Cigarette prices will not go up as expected after today's budget announcement.

Many believed Chancellor Rishi Sunak would announce an increase in tobacco duty as part of his statement today.

However, smokers were spared another expensive hike, following last year's increases which included a 2% above inflation rise.

That change saw an average 20-pack of cigarettes shoot up in price from £8.82 to £9.10.

Mr Sunak boosted tobacco duty again on November 16, adding another 22p to the average pack.

Budget generics - Cigarettes
The government has previously pledged to keep raising so-called 'sin taxes' on cigarettes to put people off taking up the habit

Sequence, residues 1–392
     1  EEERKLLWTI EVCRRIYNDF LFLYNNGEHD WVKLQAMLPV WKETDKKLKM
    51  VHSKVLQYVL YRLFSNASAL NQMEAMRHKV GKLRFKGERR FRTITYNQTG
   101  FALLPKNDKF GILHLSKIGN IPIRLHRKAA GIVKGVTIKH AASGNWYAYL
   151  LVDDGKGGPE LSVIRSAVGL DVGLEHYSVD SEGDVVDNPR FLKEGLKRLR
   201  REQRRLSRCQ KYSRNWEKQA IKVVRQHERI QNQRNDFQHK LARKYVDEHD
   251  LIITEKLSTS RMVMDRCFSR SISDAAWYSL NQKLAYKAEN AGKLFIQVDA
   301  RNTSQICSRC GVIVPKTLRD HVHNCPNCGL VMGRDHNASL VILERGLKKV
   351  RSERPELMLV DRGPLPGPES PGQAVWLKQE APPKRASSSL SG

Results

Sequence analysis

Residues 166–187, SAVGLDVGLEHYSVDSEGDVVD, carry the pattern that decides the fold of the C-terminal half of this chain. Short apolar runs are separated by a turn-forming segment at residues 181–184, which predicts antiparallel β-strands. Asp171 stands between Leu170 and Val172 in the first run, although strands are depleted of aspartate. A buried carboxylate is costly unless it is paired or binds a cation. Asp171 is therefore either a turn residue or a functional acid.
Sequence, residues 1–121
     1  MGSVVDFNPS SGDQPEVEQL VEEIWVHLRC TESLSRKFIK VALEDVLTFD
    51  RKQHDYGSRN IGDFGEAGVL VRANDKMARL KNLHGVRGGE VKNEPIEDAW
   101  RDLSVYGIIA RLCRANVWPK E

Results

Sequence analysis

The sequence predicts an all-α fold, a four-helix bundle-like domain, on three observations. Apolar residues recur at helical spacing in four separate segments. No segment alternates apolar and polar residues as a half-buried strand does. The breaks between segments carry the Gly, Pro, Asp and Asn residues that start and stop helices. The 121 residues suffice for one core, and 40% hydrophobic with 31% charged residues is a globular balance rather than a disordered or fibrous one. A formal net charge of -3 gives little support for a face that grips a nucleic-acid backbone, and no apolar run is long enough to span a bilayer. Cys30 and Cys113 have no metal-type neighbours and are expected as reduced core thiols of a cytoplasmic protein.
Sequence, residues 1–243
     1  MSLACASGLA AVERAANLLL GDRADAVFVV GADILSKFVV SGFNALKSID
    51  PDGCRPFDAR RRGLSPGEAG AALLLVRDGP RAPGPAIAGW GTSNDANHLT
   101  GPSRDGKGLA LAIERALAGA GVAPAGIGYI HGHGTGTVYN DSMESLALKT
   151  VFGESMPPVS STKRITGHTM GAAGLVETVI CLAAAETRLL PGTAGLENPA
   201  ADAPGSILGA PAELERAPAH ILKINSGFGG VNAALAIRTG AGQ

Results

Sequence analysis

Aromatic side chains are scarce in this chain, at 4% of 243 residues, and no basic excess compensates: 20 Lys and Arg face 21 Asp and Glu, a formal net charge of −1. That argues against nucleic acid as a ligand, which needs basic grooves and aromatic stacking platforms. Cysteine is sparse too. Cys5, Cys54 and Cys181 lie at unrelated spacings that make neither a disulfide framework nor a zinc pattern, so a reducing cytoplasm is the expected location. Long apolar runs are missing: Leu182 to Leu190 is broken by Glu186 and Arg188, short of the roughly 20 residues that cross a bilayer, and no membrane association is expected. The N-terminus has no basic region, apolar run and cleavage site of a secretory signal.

The Treasury has now confirmed rates will not be increasing further, given the recent rise.

However, tobacco duty could still be raised in the future, the department added.

It comes after menthol and flavoured cigarettes were banned last year in a bid to curb social smoking.

Menthol cigarettes were made illegal in May, along with skinny cigarettes and flavoured rolling tobacco, when the laws come into force.

Rishi Sunak did not hit smokers with another increase in tobacco duty in this year's budget

The ban, stemming from new EU Tobacco Product Directive laws, formed part of a bid to deter young people from taking up smoking by outlawing cigarettes with a 'characterising flavour' other than tobacco.

It's understood that these cigarettes encourage social smoking among young people - which the government wants to put a stop to.

The plan to phase out flavoured cigarettes completely followed a ban on packs of 10 in May 2017.

All tax increases announced today will go towards the UK's £280billion Covid bill.

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